Inside The Tasteful Los Angeles House Of Jennifer Aniston

It’s easy to discount actors and actresses as nothing more than an empty character vessel. But as Architectural Digest discovered when Jennifer Aniston invited them into her finely designed Los Angeles house, some stars of screen and stage have extra-curricular talents – and a discerning eye for aesthetics.

Nestled away in Bel Air, the beloved Friends cast member has spent the better part of last decade transforming this space into a home. Acquired in 2011, incidentally, the property transferred ownership shortly after yet another fresh renovation. And while there was nothing inherently wrong with the execution, it simply did not align with Aniston’s own desires.

“Aesthetically, it was the furthest thing from what I wanted, but I immediately had the sense that it could work.”

With help from designer Stephen Shadley – who Aniston had previously enlisted help from to revamp her last Hal Levitt-designed Los Angeles pad – they got to work “softening some of its sharp lines” by toning down the more dramatic elements, eventually turning it into something more cosy and welcoming. Something Aniston could truly call her own.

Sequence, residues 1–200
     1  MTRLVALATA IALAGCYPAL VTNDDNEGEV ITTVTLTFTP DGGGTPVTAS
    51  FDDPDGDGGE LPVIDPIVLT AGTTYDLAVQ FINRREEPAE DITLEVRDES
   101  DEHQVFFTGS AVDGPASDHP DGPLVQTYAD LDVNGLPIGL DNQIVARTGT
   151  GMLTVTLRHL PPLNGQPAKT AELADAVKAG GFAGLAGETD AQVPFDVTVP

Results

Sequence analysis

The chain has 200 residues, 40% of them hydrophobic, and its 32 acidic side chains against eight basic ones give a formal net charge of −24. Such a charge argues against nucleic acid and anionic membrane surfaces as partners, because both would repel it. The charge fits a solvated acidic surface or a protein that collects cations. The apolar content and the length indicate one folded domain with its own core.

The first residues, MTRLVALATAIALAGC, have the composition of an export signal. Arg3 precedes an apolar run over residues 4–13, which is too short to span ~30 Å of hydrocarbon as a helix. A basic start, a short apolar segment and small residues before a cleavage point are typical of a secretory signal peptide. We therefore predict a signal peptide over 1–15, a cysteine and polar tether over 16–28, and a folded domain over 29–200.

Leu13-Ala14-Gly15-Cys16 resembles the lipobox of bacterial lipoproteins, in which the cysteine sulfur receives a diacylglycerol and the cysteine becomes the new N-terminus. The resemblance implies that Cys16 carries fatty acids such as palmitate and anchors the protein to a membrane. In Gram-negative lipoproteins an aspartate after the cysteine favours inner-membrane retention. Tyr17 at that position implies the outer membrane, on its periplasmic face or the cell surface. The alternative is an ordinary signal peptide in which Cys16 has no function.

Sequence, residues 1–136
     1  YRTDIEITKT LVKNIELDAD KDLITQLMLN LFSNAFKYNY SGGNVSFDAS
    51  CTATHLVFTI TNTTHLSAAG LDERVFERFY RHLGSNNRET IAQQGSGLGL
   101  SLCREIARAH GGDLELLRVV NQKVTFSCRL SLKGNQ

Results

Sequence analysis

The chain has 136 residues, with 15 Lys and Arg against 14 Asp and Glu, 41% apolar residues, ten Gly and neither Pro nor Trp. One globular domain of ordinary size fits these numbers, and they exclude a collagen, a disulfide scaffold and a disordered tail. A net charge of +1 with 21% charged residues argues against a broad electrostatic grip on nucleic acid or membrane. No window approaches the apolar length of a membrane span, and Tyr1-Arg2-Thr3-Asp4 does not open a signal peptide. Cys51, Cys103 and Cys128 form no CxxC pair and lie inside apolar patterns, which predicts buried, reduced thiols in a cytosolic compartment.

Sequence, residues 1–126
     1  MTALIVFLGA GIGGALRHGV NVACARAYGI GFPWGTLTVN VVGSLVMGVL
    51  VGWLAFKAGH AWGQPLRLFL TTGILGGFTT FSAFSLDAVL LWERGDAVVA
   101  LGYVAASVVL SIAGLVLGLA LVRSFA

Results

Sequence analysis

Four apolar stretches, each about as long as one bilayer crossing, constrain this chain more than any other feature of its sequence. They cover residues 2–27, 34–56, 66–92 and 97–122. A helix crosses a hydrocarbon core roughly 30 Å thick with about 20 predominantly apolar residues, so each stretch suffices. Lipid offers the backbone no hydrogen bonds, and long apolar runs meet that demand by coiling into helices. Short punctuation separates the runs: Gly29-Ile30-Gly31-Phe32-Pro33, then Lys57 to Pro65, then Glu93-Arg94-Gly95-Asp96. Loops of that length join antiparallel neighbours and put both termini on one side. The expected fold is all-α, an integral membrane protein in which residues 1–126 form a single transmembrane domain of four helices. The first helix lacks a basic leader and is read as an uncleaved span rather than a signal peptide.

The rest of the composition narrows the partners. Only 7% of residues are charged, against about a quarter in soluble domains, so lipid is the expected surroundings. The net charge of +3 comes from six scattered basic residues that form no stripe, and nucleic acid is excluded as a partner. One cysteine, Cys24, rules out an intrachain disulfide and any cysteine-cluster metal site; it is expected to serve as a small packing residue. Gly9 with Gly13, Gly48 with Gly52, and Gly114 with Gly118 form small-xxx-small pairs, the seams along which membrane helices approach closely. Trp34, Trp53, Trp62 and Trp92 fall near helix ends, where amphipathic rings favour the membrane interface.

“Jen is drawn to wood, stone, and bronze, materials that have real substance and depth,” Shadley tells Architectural Digest.

“No matter how beautiful or glamorous something is, it has to be warm and inviting.”

“Sexy is important, but comfort is essential,” says Aniston.

The end result is something which blends the old world with a modernist ethos. Think midcentury furniture, antique Japanese screens, and handpainted wallpaper arranged in a contemporary fashion, championing a “flow” which connects every room together… as well as all the contemporary fixings we’ve become accustomed to since the early 2000s.

“There was a time when I thought there was something romantic about picking up and trotting off somewhere different every three months. Now… there’s nowhere else I want to be.”

Check out the Jennifer Aniston Los Angeles house above (images courtesy of Architectural Digest).